4 Rural Reflections from Phoenix and Tampa

February 26, 2024

Recently, I attended two national engagements: the Economic Leadership Conference in Phoenix, AZ; and the NTCA Rural Telecom Industry Meeting & EXPO (RTIME) in Tampa, FL. Both engagements revealed new insights into the nexus between rural broadband and rural economic development. Basically, in what ways can technology (broadband included) improve our rural economies and in what ways can communities utilize broadband, technology, etc. for development?

But more, both meetings emphasized the critical role of community institutions. From how we educate and skill our kids, to how we can make an economy out of leisure, to how we farm, to making the right laws so that society is conducive to economic growth, and how we can innovate – reimagining bold possibilities in everything we do.

While deploying broadband, as Nex-Tech does, is important, we also need other factors and economic activities to be in place for it to be an effective driver. As I spent time reflecting in Phoenix and Tampa, I reasoned 4 themes that if we get right, could uplift our region, and position us for investments and the growth we seek. I divided them into elements that we could control, and elements we may not be able to control.

What We Could Control

1. Education
Education in its traditional sense has changed. As Mark Perna, one of the keynote speakers at the IEDC Conference, said, we have to move education from its traditional sense to a system that produces people with a competitive advantage: robust academic knowledge, technical competencies, and professional skills. In other words, are we producing young professionals who have exactly what the market is looking for? When we assess our K-12 system and our higher institutions of learning, are they designed to produce the kinds of professionals relevant to the economy we want to see in western Kansas? People are the most important factor in creating any change in a society and we ought to pay attention to the kinds of people our system is producing.

2. Reimagining Western Kansas

Western Kansas can be, and indeed is, more than just agriculture, food processing, and energy. We have rolling hills, lush prairies, and lakes with potential for expanding tourism. We have good universities, technical colleges, and community colleges. We have comparatively safe communities and are welcoming to families. We can become a place where people come to for peace of mind or a retreat. We are in the middle of the country and could become a hub for transportation. We have ethical and hardworking people, who can be great managers of investments and businesses. All these are ingredients the experts can further distill and finetune, and we can define our place in the global economy.

What We May Not Be Able to Control

3. The Future
One thing is certain, there is going to be a future whether we are prepared for it or not. The question of meeting the demands of the future or envisioning what the future might look like is perhaps one of the most difficult questions to answer. But we can identify starting points like:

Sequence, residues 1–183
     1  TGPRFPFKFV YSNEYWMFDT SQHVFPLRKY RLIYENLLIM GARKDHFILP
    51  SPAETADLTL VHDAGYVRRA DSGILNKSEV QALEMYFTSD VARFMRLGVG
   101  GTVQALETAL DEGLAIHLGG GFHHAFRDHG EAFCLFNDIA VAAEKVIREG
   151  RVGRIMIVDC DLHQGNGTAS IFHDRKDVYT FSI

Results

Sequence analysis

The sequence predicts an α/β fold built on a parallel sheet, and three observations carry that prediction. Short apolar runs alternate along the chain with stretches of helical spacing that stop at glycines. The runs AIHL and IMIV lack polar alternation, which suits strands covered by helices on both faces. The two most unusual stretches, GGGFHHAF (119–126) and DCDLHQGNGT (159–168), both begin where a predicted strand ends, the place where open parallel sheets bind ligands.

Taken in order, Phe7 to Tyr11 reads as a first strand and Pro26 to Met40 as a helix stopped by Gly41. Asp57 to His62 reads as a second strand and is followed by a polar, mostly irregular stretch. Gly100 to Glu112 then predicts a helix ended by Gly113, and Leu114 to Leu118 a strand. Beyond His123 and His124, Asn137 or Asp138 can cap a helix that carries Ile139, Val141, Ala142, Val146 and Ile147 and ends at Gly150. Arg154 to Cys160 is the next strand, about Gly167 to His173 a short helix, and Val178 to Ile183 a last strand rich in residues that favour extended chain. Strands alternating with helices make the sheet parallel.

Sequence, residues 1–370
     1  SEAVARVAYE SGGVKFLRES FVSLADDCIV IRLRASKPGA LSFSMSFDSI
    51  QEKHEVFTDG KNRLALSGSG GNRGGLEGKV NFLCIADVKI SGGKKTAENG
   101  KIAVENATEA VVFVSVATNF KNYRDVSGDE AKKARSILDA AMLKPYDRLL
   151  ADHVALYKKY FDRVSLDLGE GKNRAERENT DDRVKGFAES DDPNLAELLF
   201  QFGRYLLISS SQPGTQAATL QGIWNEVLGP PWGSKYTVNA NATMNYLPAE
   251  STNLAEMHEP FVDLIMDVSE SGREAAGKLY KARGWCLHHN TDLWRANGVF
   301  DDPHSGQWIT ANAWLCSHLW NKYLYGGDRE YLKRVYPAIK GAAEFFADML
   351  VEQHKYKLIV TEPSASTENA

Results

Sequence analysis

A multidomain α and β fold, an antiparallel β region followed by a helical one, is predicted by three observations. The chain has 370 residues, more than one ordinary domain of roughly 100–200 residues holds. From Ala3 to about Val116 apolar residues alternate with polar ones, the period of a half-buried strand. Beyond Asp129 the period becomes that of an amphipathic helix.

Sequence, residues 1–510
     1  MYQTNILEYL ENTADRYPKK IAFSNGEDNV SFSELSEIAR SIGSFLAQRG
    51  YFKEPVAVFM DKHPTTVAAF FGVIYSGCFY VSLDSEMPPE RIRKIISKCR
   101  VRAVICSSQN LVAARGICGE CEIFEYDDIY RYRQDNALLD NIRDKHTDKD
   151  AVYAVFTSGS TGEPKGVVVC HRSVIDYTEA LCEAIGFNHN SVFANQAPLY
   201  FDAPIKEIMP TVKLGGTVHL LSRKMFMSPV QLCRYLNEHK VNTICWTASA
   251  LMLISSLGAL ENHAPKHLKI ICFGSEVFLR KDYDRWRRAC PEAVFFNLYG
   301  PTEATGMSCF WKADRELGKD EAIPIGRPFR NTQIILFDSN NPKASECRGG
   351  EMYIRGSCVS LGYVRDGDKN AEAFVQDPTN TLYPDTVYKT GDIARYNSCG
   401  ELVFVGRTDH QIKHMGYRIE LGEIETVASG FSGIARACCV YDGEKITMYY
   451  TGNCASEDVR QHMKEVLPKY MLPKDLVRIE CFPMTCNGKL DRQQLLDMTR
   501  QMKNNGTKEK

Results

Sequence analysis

• What is the future of agriculture in our region?
  • What is the future of both renewable and legacy energy industries?
  • What is the future of the beef industry?
  • How will artificial intelligence change how people and businesses operate?
  • Are there bold ways to attract investments to our communities?
  • How can our community survive as we go into the 21st century?

To innovate, we must ask ourselves both tough and easy questions like:

  • Is our region sustainable economically?
  • What can we do differently from the rest of the country?
  • What can we join the rest of the country in doing?
  • What ‘crazy’ ideas do young people have that we can experiment with?
  • What will Hays, Hill City, or Norton look like in the next 20 years?
  • What will Oberlin or Philipsburg be like in 20 years?
  • How can we make our communities more united and more inclusive so that new ideas can thrive?
  • How does our region’s economics fit into the broader economic picture of America and the world?

Frankly, I do not have any answers to these points or questions, these are simple reflections. These questions are not an exhaustive list, there are more. But I think these would force us to reconcile how we are currently doing things vs how we should be doing things. It makes us think, think, and think. In the words of Mark Perna: “If the WANT TO is strong enough, the HOW TO will come”. Perhaps if we focus on the outcomes we want, then we can begin to figure out what it will take to produce the outcomes we seek.

Friday Otuya

Connect with Friday

Friday Otuya
Community Engagement Specialist

Friday Otuya /əoTU:ya:/ drives our multifaceted community economic development efforts and is the Nex-Tech contact for all our loan and grant programs. His vision is to position Nex-Tech as the community economic development partner of choice in Kansas for federal, state, and local stakeholders.  He lives with his wife and son in Hays, KS.

Weekdays: 8 a.m. – 5 p.m.